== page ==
Tokyo Racecourse hosts the 39th running of the Grade 1 Japan Cup on Sunday. The Japan Cup has long been a festival of international colour, with foreign raiders flying in to take on the home team and fans flocking to see the big-name racing champions, both human and equine, from around the world. Some JPY650 million is up for grabs, with JPY300 million going to the winner alone, but this year, for the first time in the race’s history, there will be no foreign-based horses in the lineup.
Sunday’s race, with no one standout, is considered to be wide open, and nominated to take on the 2,400-meter turf event are 16 Japan-based horses ranging in age from 3 to 7. They include six Grade 1 winners, among them three Grade 1 Tokyo Yushun (Japanese Derby) winners, as well as two 3-year-old fillies considered good enough to take on the boys.
Almond Eye, who captured the Japan Cup last year in record time, has passed on a second run this year and is instead aimed at Hong Kong, while 2018 runnerup Kiseki has returned from France but is likely headed for the Grade 1 Arima Kinen (The Grand Prix) at yearend. However, three others who ran last year that are back for another go are – Suave Richard, Cheval Grand and Win Tenderness.
Although there will be no international horses competing this year, there will be plenty of international flavor with the jockeys expected to ride in the race. Nearly half of the jockeys expected to ride hail from outside Japan, including Englishman Ryan Moore, Oisin Murphy from Ireland, Belgian Christophe Soumillon, Norwegian-born William Buick, and the iconic Lanfranco “Frankie” Dettori.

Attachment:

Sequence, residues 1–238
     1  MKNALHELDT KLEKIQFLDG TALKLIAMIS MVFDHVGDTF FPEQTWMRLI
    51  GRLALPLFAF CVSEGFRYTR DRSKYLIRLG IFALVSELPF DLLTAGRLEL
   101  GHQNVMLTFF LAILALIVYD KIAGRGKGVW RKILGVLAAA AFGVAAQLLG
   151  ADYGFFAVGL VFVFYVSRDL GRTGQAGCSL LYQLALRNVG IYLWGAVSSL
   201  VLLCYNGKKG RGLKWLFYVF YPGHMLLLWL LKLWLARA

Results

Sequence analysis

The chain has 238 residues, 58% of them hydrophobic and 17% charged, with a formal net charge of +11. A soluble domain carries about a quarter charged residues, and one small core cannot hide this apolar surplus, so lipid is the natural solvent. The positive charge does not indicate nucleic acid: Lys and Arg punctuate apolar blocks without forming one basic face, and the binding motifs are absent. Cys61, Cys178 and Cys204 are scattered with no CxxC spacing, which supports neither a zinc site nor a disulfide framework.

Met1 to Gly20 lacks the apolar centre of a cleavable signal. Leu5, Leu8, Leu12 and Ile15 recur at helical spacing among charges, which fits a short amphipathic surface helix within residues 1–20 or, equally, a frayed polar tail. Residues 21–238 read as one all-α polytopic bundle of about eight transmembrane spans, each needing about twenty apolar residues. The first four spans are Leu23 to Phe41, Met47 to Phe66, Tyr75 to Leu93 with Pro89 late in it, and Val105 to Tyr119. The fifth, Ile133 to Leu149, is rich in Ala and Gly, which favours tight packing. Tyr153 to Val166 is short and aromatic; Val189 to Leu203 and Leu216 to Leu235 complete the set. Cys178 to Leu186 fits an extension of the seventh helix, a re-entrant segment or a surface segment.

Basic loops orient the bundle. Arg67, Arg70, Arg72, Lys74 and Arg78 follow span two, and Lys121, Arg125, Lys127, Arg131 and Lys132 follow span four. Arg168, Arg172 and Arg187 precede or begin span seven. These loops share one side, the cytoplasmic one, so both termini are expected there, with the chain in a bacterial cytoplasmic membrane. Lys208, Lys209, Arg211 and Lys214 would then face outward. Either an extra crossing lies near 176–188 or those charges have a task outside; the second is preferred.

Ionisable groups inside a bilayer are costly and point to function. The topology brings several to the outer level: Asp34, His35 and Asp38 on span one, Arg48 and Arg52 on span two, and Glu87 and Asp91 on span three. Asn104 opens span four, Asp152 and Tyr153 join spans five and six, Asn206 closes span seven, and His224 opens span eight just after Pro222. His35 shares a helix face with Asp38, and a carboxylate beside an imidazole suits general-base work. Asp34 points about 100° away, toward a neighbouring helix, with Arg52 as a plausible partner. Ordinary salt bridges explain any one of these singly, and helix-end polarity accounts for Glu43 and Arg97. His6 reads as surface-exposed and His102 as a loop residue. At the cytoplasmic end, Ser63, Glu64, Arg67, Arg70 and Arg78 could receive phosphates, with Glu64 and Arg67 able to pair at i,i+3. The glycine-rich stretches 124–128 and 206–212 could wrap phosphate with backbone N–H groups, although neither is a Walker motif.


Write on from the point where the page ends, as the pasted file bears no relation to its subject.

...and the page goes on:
Sunday’s main event has been named “Japan Cup in association with LONGINES - Deep Impact Memorial,” in tribute to the late Triple Crown champion. In 2006, Deep Impact won the Japan Cup as a 4-year-old, topping a field of 11 by two lengths. Of the Japan Cup nominees this year, five were sired by Deep Impact.
The Japan Cup will be the last race – Race 11 – on the card Sunday at Tokyo Racecourse and post time is 15:40 local time.
Here’s a look at the likely popular picks.
Rey de Oro: Winner of the 2017 Japanese Derby, the King Kamehameha-sired Rey de Oro was also the runnerup in the Japan Cup that same year. Looking to bag his third Grade 1 victory, the 5-year-old’s last win was the Tenno Sho (Autumn) five starts ago. This year, his three starts, including the Dubai Sheema Classic, have seen him finish out of the money but on the board in two. Coming off a fourth-place finish in the Grade 2 Sankei Sho All Comers, the Kazuo Fujisawa-trained Rey de Oro is primed and likely to emerge as the race favorite. Back at Tokyo, where he’s won three of his four starts and finished second once (to Cheval Grand in the 2017 Japan Cup), Rey de Oro’s shot at success may be golden and even a second place would put his earnings over the JPY1 billion mark. William Buick is expected to have the ride.
Rey de Oro winning the Tenno Sho (Autumn) (G1), picture Japan Racing Association
Wagnerian: A 4-year-old by Deep Impact, the 2018 Japanese Derby winner Wagnerian has posted 3rd, 4th, 5th in his three starts this year. Returning after more than six months off, he finished a close third in the Grade 1 Osaka Hai at the end of March, then took another six months off and returned to run fourth in the Grade 2 Sapporo Kinen, then fifth despite a wide draw in the Tenno Sho (Autumn), all over 2,000 meters. Though raced primarily at 1,800-2,000 meters, his two wins over 2,400 meters and his off-the-pace racing style indicate the extra ground could help give him his second big title.